Angel City

Angel City
Jon Jost, 1977, 75’

“Jost’s outsider is Frank Goya, a guy with a red shirt, a far-fucking-out-in-the-morning-man delivery, and a fist full of Polaroid snapshots. Ever-cool Goya peers into the camera, announces that he’s a motel-haunting divorce-dick and from then on Angel City is kabuki Raymond Chandler. Hired by the chairman of the world's largest multi-national conglomerate to investigate the death of his wife (a former Plaything centerfold who only ‘came after you hit her’), Goya drives around LA, interviews a bartender, is seduced by the chairman's mistress, solves the case, and gets beat up for his bother.”

Jim Hoberman1


“If Jost can be said to have any mentor at all, it would be Jean-Luc Godard, who supported his work in the early 70s with the statement, ‘He is not a traitor to the movies, like almost all American directors. He makes them move.’ A few European critics such as Peter Wollen have referred to Jost as ‘the American Godard,’ and while none of his work qualifies as strictly imitative – except for Godard 80, a 17-minute interview that deliberately apes Godardian techniques [...] – this provides a useful clue about some of the most salient virtues of Jost’s work: lyricism, sharp political and social criticism inflected by polemics, intellectual cogency informed by philosophical concerns, a sense of abstraction in relation to narrative (including many strategies for distancing the viewer from his plots), stylistic eclecticism, a strong and visible interest in painting and music, and a very formal sense of film construction. One also might compare his most noticeable limitations – an occasional hermeticism and a recurring compulsion to end his films with the gratuitous or absurdist deaths of his heroes (Slow Moves, Rembrandt Laughing, and All the Vermeers in New York) – with those of Godard.”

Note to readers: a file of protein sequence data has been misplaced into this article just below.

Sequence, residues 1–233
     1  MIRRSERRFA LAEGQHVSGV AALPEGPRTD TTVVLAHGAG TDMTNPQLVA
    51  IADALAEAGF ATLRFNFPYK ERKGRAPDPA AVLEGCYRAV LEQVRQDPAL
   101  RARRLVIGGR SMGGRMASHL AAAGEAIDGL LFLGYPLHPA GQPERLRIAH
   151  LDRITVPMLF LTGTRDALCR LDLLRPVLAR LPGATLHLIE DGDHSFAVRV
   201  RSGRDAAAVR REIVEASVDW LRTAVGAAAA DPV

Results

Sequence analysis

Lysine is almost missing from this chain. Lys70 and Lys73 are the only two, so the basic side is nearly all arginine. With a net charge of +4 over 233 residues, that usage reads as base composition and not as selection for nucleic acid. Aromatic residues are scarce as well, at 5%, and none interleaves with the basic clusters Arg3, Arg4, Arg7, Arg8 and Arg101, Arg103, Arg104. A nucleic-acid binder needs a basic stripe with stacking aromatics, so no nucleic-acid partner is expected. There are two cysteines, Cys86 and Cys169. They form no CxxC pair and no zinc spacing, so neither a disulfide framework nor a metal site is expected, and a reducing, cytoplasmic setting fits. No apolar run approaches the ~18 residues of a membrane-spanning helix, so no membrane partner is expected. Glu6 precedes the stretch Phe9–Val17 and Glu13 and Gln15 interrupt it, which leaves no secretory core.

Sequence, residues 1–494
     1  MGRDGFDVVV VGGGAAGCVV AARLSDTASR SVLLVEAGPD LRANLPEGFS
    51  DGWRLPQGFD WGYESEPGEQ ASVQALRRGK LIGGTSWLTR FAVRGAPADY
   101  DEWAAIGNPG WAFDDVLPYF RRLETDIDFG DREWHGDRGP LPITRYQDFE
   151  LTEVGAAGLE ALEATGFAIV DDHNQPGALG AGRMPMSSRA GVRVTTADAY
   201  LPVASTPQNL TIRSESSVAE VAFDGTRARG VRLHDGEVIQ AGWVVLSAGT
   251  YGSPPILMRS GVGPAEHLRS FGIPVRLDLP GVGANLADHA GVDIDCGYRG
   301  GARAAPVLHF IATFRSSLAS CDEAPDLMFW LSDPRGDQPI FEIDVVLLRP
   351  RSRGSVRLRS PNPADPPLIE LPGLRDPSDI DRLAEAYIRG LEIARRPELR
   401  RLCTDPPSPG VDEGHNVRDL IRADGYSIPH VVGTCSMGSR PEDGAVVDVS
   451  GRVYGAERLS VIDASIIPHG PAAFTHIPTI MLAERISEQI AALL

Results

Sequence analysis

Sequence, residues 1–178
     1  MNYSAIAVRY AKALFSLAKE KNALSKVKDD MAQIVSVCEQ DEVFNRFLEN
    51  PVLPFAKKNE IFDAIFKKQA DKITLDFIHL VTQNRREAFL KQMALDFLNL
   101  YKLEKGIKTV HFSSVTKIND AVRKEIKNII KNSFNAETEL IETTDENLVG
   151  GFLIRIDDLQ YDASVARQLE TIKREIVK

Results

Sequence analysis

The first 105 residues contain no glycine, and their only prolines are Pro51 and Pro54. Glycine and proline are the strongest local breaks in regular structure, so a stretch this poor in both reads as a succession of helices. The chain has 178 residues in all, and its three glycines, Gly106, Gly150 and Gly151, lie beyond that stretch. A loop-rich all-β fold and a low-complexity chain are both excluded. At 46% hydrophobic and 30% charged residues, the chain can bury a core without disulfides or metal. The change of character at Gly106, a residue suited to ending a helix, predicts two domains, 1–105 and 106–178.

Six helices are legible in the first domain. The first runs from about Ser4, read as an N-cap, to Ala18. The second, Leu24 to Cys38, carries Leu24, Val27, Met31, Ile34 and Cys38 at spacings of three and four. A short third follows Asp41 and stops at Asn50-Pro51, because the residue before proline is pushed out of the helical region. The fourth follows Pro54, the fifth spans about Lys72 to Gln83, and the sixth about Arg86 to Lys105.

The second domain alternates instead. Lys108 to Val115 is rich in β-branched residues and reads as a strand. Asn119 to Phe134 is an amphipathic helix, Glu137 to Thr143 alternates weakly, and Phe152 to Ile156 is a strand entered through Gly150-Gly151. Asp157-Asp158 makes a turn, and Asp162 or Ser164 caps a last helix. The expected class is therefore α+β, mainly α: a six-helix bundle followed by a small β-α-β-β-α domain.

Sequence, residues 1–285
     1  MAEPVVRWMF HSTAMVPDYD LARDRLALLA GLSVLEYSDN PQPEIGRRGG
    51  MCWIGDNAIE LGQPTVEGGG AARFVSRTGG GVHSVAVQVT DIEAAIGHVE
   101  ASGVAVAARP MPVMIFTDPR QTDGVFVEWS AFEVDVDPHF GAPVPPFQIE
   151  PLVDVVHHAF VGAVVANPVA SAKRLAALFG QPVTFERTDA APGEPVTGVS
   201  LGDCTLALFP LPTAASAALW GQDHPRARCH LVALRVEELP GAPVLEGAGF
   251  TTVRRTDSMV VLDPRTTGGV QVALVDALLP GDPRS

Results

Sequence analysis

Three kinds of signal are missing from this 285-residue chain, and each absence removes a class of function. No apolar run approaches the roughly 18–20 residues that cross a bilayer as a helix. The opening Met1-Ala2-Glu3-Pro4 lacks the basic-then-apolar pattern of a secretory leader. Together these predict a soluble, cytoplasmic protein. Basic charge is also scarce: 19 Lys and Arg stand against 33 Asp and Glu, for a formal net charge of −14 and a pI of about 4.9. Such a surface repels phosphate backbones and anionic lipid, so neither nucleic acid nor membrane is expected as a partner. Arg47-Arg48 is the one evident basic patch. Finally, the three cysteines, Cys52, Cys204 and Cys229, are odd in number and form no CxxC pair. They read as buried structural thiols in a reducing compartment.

Jonathan Rosenbaum2


Angel City [...], shot on 16 mm in 1976 for a budget of $6,000, is part Godardian detective story (with Robert Glaudini as a camera-addressing, bohemian private eye), and part spacey essay on Los Angeles as a place and as an idea. It’s more episodic than narrative: One long chunk of its 76 minutes consists of an infomercial for the corporate mogul whose wife’s death the detective is investigating; another is the wife’s single-shot screen test for big-time director ‘Martin F. Spielkin,’ which consists of a monologue about ‘eating yogurt with Adolf and Eva’: ‘It was the greatest moment of my life – it was a triumph of the will!’ The film’s fiction is threaded together with long, unbroken shots of Los Angeles seen from a moving vehicle, soundtracked by monotonous voices trading off between reciting dry statistics (‘Los Angeles, a city of 5 1/2 million telephones ...’) and equally empty poetic proclamations (‘L.A., city of ghosts, hungers fed by migrant labor...’). The overall tone is bitingly self-reflexive: Late in the game, the detective diffuses the potential pretension by saying to the camera, ‘While you were sort of dreaming about Los Angeles, I was plodding in it for real.’“

Karina Longworth3

UPDATED ON 24.01.2019